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SAN ANTONIO -- Spurs vs. Cavs. No-brainer, right? This matchup has long been settled and quite convincingly, everybody knows that, eh?Look again. The two teams that hooked up at the AT&T Center Thursday appear to be heading in different directions. And it's not the way it was seven months ago or even one month ago.
So the Cavs beat the Spurs, 90-88. Manu Ginobili, who seemingly couldn't miss all night on his way to 31 points, didn't get a friendly bounce at the horn as his 18-footer that would have forced overtime slipped off the rim. That's not really giant news, after all the Cavs have beaten the Spurs four straight times in the regular season. The Spurs have four straight wins in the playoffs, slightly different.
But this game was more than just about a Finals rematch and the Cavs' minor whiff of revenge. Which is why it deserves a closer look.
With so many sexier stories going on in the NBA, maybe some stopped keeping tabs on the Spurs after they bolted out to a 17-3 start. With the vogue opinion to call LeBron James a one-man team, maybe some saw the Cavs' 10-14 beginning and wrote them off as a one-year wonder.
In fact, the Cavs' victory Thursday was their ninth in the past 11 games. The wins haven't been over cream puffs, either. In that stretch the Cavs have beaten the Lakers and Warriors at home and won in both Dallas and San Antonio, which nobody, much less a team from the Eastern Conference, seems to be able to do.
James is having a career year and making a strong case for the Most Valuable Player award. Not only are the Cavs 0-5 without him, he's leading the NBA in scoring (29.8) and averaging career highs in both rebounds ( 7.7) and assists (7.5) while shooting a career-best from the field (49 percent).
When James got hurt the Cavs were 9-6 and coming off a victory over the Celtics. They ended up dropping eight of nine games as James recovered. James, Larry Hughes (knee) and Anderson Varejao (contract holdout) all came back on the same night in mid-December and it took the Cavs a week to get back on their feet. Now they're off and running.
Thanks to James, who leads the NBA in fourth-quarter scoring, the Cavs own 12 come-from-behind wins in the final quarter and are 4-1 in overtime games. After sitting with the 10th-best record in the Eastern Conference six weeks into the season, the Cavs are now in fourth place.
"We have been playing some great basketball lately," James said. "We had a rough patch for a while and some teams took advantage of us, but the regular season means nothing. We're building for the playoffs and we're trying to get better every day."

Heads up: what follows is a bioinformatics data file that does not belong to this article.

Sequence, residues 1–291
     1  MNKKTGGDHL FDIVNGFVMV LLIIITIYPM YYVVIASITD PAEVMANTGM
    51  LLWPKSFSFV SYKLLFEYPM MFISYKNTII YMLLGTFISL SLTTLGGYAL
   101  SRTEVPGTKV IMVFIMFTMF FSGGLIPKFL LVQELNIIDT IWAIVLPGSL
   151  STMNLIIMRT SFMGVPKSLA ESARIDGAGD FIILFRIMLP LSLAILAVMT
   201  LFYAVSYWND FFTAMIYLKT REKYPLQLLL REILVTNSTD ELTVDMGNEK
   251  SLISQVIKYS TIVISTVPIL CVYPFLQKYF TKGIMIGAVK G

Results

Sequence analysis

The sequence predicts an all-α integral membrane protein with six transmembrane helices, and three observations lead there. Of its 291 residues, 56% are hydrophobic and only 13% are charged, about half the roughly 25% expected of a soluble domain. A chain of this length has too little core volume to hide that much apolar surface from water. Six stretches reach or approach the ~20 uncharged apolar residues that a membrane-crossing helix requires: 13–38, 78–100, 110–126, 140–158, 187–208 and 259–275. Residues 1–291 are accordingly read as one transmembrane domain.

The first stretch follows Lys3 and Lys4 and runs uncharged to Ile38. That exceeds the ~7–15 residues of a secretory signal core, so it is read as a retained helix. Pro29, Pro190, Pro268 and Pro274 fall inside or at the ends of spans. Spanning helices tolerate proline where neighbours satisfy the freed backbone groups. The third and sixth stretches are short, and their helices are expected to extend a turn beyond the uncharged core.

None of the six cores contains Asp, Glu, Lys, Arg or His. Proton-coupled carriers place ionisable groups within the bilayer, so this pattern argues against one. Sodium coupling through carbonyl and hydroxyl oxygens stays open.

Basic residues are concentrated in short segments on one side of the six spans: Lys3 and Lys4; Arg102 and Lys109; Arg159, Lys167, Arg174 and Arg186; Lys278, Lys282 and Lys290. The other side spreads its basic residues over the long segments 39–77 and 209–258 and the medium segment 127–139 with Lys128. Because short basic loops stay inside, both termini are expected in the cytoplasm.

Meanwhile, in the land of championship banners and non-stop mundane success, the Spurs are the ones searching. Thursday's defeat made them 8-9 since their amazing start with their annual "rodeo" road trip -- this year a nine-game meatgrinder -- only 10 days away.
Certainly the Spurs have dealt with injury problems; in December none of the big 3 of Tim Duncan, Tony Parker and Ginobili played together in the same game. Parker is back now, but the Spurs are concerned about a bone spur in his left heel limiting his explosiveness. It showed against the Cavs, who couldn't touch him in the Finals. He had 23 points and six assists but was not the same player and the Spurs' 88 points and 43 percent shooting showed it.
Overall, Spurs coach Gregg Popovich has been grumbling about his team's waning focus, demonstrated by a 22-2 run they allowed to the Pistons last week and Thursday's second quarter, when the Cavs piled up 31 points even with James sitting for eight minutes. He's been searching everywhere for a rotation. Thursday he benched Robert Horry in the second half and started Matt Bonner at power forward in third quarter.
Then again, all of these Spurs have seen this before and they usually come out of it. Last season it wasn't until February that they started looking like a championship team.
"We really haven't played 48-minute games very often this season and that has been our negative for the last month," Popovich said. "We'll keep pounding at it ... right now we don't have too many people doing what we want them to do very consistently."
Brian Windhorst covers the Cavaliers and the NBA for the Akron Beacon Journal
LOS ANGELES -- Phoenix Suns forward Grant Hill, who had his appendix removed on Jan. 9, had a productive workout before the Suns-Lakers game Thursday night and could return to action Tuesday against Atlanta or as soon as Sunday against New Jersey.It will be a longer wait for Lakers center Andrew Bynum who is four days into an estimated eight-week recovery and rehabilitation period for a dislocated kneecap.
Bynum showed up at Staples Center Thursday wearing a large, restrictive brace on his left leg and walking as if he were auditioning for a part as Frankenstein's monster.
"I'm not in any pain," Bynum said. "I can weight-bear."
The hardest thing, he said, is having to sit around the house -- especially when he watched the Lakers' overtime victory in Seattle Monday night.
"I'm jumping on the couch," Bynum said. "Then I'm like 'Ahhh, I gotta sit down.'"
Chad Ford: There's a deal where I don't think either team really gets any better. I think the Kings have to think rebuilding when shopping Artest and Bibby. T-Mac just isn't healthy enough or good enough any more to make a significant difference in the Kings' bottom line.
-- Andrew Ayres
With the Knicks on a winning streak, Chad Ford and Chris Sheridan examine Isiah Thomas' future in New York. Will he be the head coach for the rest of the season?
(AP Photo/David Zalubowski)
Nuggets forward Linas Kleiza dunks en route to 41 points as Jazz forward Carlos Boozer looks on in Denver's 120-109 win over Utah.
Rest Of Lakers' January
|Wed., 23rd||at San Antonio, ESPN|
|Fri., 25th||at Dallas|
|Sun., 27th||vs Cleveland, ABC|
|Tue., 29th||vs New York|
|Thu., 31st||at Detroit|